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Whatever Happened to Piggyback loans?

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Wait till you read what’s replacing such financial porkers. We usually define a ‘conventional’ mortgage as financing with 20 percent down. Since most people don’t happen to have 20 down much less 20 percent plus closing costs, there has always been a market for mortgages that somehow require fewer dollars up front.

The way you get loans with less down is to find a financially-strong co-signer, someone or something that will bail out the lender if you can’t repay your mortgage. Loans guaranteed by the VA, FHA or private-mortgage insurance (MI) all allow borrowers to buy with little or nothing down.

But — and you knew this was coming — insurance requires an insurance premium, so to buy with little down AND without the cost of insurance, borrowers and lenders during the past few years increasingly turned to ‘piggyback’ financing.

With piggyback financing you get a first loan for 80 percent of the purchase price and a second loan for 10-, 15- or 20-percent of the home’s value. The result is little or nothing down, plus no cost for mortgage insurance.

Who makes such second loans? Sometimes a second lender, but often the very lender who provided the 80-percent first mortgage and also finances a second loan for the same transaction.

Once-common piggyback deals are now increasingly rare. The reason: That second loan is immensely risky. If a home is foreclosed the odds are overwhelming that the entire value of the second mortgage will be lost. Unlike a first loan, of course, there is neither insurance to offset a loss nor the equity represented by a significant down payment to protect the lender.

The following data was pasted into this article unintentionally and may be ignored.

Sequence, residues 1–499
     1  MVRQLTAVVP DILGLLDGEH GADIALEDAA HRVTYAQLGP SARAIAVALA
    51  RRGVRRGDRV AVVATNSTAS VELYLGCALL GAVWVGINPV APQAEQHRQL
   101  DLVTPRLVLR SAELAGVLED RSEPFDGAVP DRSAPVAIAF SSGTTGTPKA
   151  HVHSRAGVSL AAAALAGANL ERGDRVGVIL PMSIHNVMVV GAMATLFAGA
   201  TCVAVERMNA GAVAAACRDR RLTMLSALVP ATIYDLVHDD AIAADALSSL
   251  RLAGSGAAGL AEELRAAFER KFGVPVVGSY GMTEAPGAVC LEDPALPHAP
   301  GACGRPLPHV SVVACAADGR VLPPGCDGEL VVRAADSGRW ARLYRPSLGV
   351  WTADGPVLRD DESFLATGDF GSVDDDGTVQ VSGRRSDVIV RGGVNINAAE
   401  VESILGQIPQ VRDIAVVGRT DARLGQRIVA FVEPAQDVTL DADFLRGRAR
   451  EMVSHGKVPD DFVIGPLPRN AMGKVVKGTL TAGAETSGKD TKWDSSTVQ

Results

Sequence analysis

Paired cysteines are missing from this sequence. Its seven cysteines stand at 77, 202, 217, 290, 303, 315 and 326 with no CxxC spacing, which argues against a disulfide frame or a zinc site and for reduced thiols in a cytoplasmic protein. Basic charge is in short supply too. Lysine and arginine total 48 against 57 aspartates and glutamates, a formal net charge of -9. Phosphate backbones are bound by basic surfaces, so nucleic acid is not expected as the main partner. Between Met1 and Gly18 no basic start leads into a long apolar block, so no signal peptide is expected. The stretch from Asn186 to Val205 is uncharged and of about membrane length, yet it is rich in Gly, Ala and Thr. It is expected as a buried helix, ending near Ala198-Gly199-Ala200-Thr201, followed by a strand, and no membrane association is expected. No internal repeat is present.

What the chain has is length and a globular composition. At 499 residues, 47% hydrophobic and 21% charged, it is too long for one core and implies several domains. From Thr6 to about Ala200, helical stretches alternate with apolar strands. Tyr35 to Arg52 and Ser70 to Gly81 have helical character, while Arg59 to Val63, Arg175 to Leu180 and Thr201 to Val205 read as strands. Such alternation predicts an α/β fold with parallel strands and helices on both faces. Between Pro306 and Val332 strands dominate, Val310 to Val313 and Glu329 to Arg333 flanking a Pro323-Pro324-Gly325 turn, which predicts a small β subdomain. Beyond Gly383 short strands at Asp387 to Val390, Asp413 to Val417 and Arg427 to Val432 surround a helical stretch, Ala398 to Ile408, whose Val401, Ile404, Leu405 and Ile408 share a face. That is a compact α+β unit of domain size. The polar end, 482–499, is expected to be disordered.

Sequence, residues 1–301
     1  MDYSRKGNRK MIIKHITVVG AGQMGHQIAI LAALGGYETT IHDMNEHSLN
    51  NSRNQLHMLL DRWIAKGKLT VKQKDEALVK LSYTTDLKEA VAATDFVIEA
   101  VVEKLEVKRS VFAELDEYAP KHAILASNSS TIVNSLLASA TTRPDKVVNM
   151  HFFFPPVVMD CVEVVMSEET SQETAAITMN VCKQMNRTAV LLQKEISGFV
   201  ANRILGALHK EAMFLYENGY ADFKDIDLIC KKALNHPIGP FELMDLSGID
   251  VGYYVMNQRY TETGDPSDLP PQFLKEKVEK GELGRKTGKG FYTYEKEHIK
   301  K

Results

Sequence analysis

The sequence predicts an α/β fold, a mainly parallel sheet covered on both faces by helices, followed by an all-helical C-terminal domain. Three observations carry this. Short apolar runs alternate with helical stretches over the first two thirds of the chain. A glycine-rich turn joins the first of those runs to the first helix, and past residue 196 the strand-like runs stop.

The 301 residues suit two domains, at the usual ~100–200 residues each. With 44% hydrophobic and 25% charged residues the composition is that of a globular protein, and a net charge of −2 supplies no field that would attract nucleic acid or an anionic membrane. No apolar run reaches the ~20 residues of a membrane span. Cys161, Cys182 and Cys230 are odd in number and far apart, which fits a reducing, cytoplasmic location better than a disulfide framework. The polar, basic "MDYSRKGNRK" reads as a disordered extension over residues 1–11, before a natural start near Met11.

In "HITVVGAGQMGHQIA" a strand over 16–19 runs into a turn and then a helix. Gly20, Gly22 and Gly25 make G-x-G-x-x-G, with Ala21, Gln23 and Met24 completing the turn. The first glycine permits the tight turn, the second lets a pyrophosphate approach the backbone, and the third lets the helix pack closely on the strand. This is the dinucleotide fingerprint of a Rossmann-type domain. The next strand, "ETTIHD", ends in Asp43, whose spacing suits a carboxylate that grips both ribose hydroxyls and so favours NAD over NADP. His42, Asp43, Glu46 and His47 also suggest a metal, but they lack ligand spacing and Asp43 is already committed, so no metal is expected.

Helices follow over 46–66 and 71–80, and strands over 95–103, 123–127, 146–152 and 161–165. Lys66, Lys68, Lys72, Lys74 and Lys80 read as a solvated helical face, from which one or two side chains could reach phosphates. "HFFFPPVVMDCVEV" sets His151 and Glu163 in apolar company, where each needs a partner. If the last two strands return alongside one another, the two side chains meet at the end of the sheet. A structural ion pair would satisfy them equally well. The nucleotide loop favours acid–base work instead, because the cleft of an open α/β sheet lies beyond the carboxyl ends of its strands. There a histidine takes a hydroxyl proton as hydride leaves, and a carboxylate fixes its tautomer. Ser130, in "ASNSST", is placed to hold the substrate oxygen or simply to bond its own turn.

The evaporation of piggyback loans is a marketplace ‘correction’ that’s long been overdue. Such financing is cute and clever — but only when home values are rising. Since home values do not always rise, the once-popular piggyback loan is now toast, nicely browned on both sides.

With the virtual disappearance of subprime loans — and with a substantial decline in interest-only mortgages, option ARMs and stated-income loan applications — what we have today is your father’s mortgage marketplace: Take your pick: You can get a conventional loan or a mortgage backed by FHA, VA or private mortgage insurance. Exotic mortgages are out, piggyback loans have been barbecued and dull loans that borrowers can actually understand are back.

Unfortunately, some buyers will not be able to get financing under the new standards or they’ll be forced to borrow less. That sounds fairly gruesome until you realize that prudent borrowing means fewer foreclosures and a gradual return to normal markets, things which benefit us all.

Written by Peter G. Miller for www.RealtyTimescom. Copyright